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July 29, 2015

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Home » City specials » Hangzhou

Beat the heat at these mountain retreats

Mountain escapes sure make for a nice weekend getaway when it’s sizzling hot in the city. Good thing Zhejiang Province is blessed with mountain ranges providing lush vegetation, gorgeous hikes and better air quality than urban centers. The province’s mountain ranges start in Anji County in the north and Cangnan County in the south.

Shanghai Daily picks three mountains that make for stellar weekend hikes. It’s even possible to spend the weekend at all three locations.

Dongbai Mountain

This mountain is situated on the borders of Dongyang, Zhuji and Shengzhou counties. Taoist worshippers have flocked here since the Tang Dynasty (AD 618-907), which is reflected by the numerous temples, some of which are more than 1,000 years old. While the mountain has always been steeped in religion, over time it has also evolved into a place where lovers come due to He Xiangu Temple.

According to a Taoist myth, He never dies because an immortal appeared to her in a dream and instructed her to eat powdered mica that made her immune to death. Taoist believers erected this temple to worship her.

For the Qixi Festival, which is the traditional Chinese Valentine’s Day, unmarried young people from neighboring cities burn incense in the temple to pray for love. Married couples go there praying for a lasting and happy marriage.

Worshippers usually arrive at the temple before dawn. After they finish their prayers they usually wait to watch the sunrise. It is said that if they see beautiful clouds during a sunrise, it means He has blessed them and they would live with their destined love.

Dongbai Mountain usually attracts more than 5,000 people for Qixi Festival.

The mountain is also noted for its grandeur and beauty. Dongbai Mountain tea is very popular and was originally grown as a tribute to the royal family during the Tang Dynasty.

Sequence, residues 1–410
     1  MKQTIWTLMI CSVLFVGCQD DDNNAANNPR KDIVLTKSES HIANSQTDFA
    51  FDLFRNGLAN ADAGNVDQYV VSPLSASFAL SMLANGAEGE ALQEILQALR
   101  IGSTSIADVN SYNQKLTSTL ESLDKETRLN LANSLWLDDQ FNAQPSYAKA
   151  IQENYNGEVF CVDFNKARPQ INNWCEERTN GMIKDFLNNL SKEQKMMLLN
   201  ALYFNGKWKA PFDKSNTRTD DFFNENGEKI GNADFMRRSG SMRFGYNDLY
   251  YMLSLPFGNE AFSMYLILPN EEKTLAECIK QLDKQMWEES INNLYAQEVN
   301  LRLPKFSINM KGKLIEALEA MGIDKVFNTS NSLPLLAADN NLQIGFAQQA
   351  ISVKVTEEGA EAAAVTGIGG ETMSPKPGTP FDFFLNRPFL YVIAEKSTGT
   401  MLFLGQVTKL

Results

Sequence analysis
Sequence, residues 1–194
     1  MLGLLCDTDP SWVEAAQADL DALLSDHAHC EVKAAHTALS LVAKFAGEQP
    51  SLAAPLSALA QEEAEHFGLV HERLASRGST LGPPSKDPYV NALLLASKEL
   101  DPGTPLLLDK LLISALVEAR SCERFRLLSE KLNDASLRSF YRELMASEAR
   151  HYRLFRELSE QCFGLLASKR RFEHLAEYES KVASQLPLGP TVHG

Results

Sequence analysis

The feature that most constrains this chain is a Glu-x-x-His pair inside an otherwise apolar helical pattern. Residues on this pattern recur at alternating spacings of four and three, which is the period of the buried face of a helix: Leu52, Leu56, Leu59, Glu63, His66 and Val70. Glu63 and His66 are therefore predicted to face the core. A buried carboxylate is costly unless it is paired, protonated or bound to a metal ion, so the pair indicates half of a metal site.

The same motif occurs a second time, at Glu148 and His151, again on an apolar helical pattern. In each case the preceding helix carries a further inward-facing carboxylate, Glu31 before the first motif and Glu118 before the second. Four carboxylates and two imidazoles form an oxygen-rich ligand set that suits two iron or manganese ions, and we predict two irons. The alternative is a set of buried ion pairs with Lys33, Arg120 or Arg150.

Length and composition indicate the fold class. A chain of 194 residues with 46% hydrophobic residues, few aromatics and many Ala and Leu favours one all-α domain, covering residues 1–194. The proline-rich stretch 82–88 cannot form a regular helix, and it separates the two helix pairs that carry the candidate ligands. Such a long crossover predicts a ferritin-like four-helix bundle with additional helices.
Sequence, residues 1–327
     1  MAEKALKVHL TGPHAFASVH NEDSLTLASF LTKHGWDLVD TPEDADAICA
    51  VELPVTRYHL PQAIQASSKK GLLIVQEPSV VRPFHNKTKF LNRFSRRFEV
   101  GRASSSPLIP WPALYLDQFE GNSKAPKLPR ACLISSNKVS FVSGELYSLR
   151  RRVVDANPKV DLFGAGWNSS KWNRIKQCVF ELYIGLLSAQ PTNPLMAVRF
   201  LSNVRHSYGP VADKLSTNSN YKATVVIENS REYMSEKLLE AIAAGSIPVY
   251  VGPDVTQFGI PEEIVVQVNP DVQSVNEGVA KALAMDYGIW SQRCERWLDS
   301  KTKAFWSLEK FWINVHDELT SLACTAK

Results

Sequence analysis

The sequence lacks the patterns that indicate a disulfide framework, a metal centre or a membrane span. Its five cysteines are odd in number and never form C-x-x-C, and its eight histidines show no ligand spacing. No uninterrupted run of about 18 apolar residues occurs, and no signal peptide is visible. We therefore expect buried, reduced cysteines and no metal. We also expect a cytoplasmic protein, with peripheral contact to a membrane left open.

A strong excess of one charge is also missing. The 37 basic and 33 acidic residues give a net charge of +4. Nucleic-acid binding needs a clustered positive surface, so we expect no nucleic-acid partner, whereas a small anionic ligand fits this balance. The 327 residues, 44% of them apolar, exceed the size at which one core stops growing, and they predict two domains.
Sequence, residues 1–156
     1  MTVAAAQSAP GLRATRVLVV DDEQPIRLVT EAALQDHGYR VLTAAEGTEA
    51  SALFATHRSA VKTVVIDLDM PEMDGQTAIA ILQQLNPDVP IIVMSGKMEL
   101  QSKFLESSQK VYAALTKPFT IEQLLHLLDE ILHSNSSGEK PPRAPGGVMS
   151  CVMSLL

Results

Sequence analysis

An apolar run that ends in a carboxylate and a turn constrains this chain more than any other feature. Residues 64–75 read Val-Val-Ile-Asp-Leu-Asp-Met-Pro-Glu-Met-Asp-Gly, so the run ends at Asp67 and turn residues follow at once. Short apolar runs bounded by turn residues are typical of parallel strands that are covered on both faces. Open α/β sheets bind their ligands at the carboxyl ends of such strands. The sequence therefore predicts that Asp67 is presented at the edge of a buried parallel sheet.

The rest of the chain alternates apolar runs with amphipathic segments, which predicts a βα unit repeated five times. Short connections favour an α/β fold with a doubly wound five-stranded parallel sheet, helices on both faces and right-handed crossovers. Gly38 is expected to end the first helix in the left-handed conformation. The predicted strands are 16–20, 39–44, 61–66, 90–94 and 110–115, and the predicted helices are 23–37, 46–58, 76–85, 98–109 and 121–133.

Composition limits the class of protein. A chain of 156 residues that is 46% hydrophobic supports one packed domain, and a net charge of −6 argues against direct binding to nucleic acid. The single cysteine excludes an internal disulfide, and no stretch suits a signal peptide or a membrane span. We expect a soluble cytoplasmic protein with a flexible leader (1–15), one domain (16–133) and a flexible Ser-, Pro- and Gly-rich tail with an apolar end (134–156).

How to get there: Shanghai-Kunming Expressway — Changzhou-Taizhou Expressway — Ningbo-Jinhua Expressway

Yandang Mountain

A wide range of cultural heritage plus superb natural resources equal a popular scenic attraction. This is why Yandang Mountain has earned widespread fame across the country for centuries. It’s also been on UNESCO’s list of World Geoparks since 2004.

The mountain is in Taizhou and has been dubbed the “No. 1 mountain in southeast China” for its natural beauty. Millions of years of geological changes have created everything from steep cliffs and stone pillars to deep caves and gorges.

With abundant rainfall and a temperate climate, the mountain also boasts a variety of uncommon plants and wildlife, such as macaque, pangolin and wild goat.

Early in the Southern and Northern Dynasties (AD 420-589) people began to erect temples on this mountain. In the Song Dynasty when Buddhism reached its peak period in China, 18 temples and 16 Buddhist pavilions were built on the mountain.

Through the centuries scholars have traveled to Yandang. Stone sculptures, calligraphic tablets, buildings and numerous paintings remain as reminders of their visits.

If you go

How to get there: Shanghai-Kunming Expressway — Changzhou-Taizhou Expressway — Ningbo-Jinhua Expressway — Shenyang-Haikou Expressway

Jiufeng Mountain

Jiufeng Mountain features red stones and steep cliffs. It’s in Jinhua of central Zhejiang and belongs to the Kuocang Mountain Range, which features classic danxia landforms (characterized by steep cliffs similar to karst topography) that are found across southeast China.

Jiufeng’s cultural heritage distinguishes it from neighboring mountains. Jiufeng Temple dates back 1,500 years and still attracts steady streams of devotees today. It was built on a hill slope and has five buildings and hundreds of stone Buddha statues.

It is said that the mountain is shrouded with a colorful mist on the first day of the eighth month. The mist is considered an auspicious phenomenon in Buddhist culture.

The picturesque mountain attracted scholars and Taoists who practiced alchemy in ancient times. Today some of the relics can still be seen.

Noted Song Dynasty (960-1279) painter Huang Gongwang once painted a Jiufeng Mountain scene when it was covered in snow. The painting is now part of the National Museum of China’s collection in Beijing.

The Jiufeng scenic area is also a provincial protected botanical park, where hundreds of precious plants, herbs and trees grow.

How to get there: Shanghai-Kunming Expressway — Changzhou-Taizhou Expressway — Ningbo-Jinhua Expressway


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